What is a Graph?
It is merely a way of structuring data using vertices (or nodes) and edges. Data is stored both at the vertices and on the edges themselves. Edges can be bi or uni directional. The flexibility comes from the fact that any edge and point to any node and many times, the information that we seek is related to the configuration of the graph, not just the data in the edges and nodes. In the graph above, we can see that Alice and Bob are both members of the Chess group and that they both know each other.
In the example, we use nouns as nodes and the verbs: knows, and is member as edges. This is a very common way of modeling natural language statements as graphs. Let's take a look at some fake tweets that I have contrived for an example:
@NikeFan - I love my Nike's. They are the best shoes.
@ShoeShopper - I just bought some Nikes, some Reeboks, and a Swiss Air.
@ReebokFan - I just hate Nike, their new lineup is horrible.
After some text analysis we could derive this graph:
As you can see, the edge "is" can be applied to either Shoe or Twitter users. This makes the graph easily extended as our knowledge increases. You can also see that if I want to find twitter users who have bought shoes, I would look for any node that "is" a shoe and see what nodes "bought" it while ensuring that node "is" also a Twitter User. This is where the graph database comes in. These types of databases are optimized for searching and traversing over relationships to resolve your queries. A traditional RDBMS could represent a graph as just a few tables, however resolving a graph query would take ages as each step in the search would involve scanning the same set of tables over and over. Then as your graph grows, your query times grow linearly or worse. With a graphing DB, there are many opportunities to limit where we search and enable the search to be done in parallel.
The Holy Grail - Graphing Databases on Hadoop
You would think that with all the power Hadoop provides, there should be at least one graph db on it, but at this time there are none. I think there are valid technical reasons for it. For one, Hadoop has a high latency. Even a one second response time would be unreasonable for simple queries and I doubt any hadoop job could be resolved in less than one sec. Part of the reason is that the inputs and outputs of a map reduce job are files and the underlying hadoop file system (HDFS) will log, replicate, and checkpoint the data to hard disk as the job runs. If we had a sort of Hadoop Lite system where we keep our partial data results only in memory, then we could reduce some of the latency. If a node fails, then we simply restart the computation from the point where we have data on disk, maybe even distributing that across the nodes that have already finished. The second issue is hadoop doesn't like the data elements that you process to be dependent on each other. With a graph query, that is very hard to do. Even if you could partition each node with disconnected graphs, they can still be easily connected in the future necessitating a costly reshuffle of the data. Worse yet, is that in time, graphs tend to be more connected, so eventually you'll have only one partition, not a very scalable option. The only solution I can come up is to allow the graphs to traverse nodes and when a query hits a border between machines, issue a new query that is fed back into another map reduce round. This continues until a solution is found. This means that if you have a solution that traverses through multiple machines, you would have to run multiple rounds of map reduce making the query super slow.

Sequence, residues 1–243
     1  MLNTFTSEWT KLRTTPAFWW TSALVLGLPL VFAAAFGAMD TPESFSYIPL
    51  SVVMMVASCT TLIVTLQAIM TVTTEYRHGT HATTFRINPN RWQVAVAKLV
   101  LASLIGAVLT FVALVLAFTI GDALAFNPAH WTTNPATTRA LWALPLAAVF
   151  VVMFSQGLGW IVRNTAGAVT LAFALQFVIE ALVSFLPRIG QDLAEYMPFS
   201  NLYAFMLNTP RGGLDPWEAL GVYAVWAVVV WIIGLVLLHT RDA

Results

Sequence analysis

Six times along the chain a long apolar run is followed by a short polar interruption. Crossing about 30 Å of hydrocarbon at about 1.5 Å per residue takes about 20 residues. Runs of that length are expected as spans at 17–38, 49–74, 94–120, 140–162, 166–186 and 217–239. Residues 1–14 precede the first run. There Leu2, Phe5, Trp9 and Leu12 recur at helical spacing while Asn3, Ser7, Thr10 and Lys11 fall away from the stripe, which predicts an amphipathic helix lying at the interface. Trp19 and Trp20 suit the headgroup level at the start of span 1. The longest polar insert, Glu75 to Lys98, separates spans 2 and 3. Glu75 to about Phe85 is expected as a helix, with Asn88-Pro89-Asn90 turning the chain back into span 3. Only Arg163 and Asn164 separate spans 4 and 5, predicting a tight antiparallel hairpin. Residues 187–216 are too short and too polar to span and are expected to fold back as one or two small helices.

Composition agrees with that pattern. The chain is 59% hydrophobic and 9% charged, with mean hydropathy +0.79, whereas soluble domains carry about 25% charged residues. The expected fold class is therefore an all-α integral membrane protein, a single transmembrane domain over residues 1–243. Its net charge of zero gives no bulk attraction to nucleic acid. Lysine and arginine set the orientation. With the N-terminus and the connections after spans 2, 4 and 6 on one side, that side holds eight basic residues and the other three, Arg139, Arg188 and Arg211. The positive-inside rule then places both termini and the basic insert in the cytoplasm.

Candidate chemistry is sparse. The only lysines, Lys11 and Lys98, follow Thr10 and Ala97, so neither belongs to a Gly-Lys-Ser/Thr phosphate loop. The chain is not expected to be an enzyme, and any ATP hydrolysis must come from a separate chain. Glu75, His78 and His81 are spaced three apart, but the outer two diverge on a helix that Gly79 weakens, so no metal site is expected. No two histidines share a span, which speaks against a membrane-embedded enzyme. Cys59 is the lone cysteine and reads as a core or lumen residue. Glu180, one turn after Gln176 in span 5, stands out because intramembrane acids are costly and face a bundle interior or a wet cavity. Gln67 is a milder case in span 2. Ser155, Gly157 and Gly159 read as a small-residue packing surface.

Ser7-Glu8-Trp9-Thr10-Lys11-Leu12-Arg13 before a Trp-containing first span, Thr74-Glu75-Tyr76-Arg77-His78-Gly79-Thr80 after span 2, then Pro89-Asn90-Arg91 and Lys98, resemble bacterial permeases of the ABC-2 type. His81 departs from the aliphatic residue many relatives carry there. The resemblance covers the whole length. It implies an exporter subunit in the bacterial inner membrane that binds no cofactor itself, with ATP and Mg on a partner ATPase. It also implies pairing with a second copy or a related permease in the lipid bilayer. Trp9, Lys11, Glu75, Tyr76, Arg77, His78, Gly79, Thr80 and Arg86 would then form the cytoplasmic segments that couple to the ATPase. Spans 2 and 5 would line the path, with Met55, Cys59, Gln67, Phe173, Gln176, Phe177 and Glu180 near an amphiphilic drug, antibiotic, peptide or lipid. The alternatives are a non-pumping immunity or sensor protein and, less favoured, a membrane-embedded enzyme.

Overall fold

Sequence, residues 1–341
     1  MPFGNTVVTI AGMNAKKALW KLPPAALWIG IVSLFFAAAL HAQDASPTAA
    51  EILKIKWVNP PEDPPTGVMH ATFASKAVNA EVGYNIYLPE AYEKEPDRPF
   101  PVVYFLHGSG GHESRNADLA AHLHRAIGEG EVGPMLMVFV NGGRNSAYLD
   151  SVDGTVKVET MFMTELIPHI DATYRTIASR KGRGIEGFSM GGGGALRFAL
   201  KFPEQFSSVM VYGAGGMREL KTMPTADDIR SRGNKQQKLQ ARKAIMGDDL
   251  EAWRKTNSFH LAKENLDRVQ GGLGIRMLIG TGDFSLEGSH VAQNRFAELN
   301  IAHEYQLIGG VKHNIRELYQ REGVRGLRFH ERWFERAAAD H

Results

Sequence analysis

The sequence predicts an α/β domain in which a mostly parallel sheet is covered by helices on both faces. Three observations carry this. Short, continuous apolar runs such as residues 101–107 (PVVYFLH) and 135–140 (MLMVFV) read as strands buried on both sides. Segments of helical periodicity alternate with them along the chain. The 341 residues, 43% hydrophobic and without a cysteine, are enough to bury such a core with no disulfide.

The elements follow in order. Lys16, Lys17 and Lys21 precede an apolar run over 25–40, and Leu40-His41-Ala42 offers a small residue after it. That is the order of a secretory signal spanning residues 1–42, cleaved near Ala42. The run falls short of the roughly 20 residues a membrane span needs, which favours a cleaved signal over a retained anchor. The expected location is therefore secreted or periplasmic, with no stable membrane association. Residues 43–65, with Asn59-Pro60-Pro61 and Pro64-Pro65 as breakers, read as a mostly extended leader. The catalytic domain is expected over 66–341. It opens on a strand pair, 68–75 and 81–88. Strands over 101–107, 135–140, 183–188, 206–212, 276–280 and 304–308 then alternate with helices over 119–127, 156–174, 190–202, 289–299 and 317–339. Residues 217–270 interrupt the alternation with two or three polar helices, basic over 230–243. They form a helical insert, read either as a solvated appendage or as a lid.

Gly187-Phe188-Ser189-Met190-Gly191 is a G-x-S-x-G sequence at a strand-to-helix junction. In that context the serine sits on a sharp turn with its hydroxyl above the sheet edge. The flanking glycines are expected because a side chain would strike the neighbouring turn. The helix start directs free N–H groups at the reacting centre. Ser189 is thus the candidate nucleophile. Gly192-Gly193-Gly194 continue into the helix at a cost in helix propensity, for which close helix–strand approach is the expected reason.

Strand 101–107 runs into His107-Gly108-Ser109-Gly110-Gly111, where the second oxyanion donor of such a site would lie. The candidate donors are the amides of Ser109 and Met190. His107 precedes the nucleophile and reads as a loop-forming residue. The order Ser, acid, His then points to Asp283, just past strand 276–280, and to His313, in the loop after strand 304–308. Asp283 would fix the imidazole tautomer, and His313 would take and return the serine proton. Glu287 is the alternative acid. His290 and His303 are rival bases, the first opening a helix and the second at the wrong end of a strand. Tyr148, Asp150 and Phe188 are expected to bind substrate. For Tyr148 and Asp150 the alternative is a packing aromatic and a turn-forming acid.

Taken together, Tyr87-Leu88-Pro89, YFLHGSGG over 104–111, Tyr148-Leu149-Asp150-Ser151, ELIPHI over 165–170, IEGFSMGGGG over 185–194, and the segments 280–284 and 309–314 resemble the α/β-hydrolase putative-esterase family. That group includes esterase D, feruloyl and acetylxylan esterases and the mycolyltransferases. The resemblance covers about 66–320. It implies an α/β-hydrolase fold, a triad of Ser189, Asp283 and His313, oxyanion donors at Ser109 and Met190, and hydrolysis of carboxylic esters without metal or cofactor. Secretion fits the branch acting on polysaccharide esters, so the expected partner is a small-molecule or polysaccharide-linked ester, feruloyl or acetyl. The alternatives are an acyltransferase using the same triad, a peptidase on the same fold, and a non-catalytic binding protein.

In the end, I expect we'll have to settle for a different platform other than hadoop to support graphing databases. We could still use hadoop to do inserts or query into a graph database, but as far as running the db on hadoop, that's not gonna happen in the foreseeable future.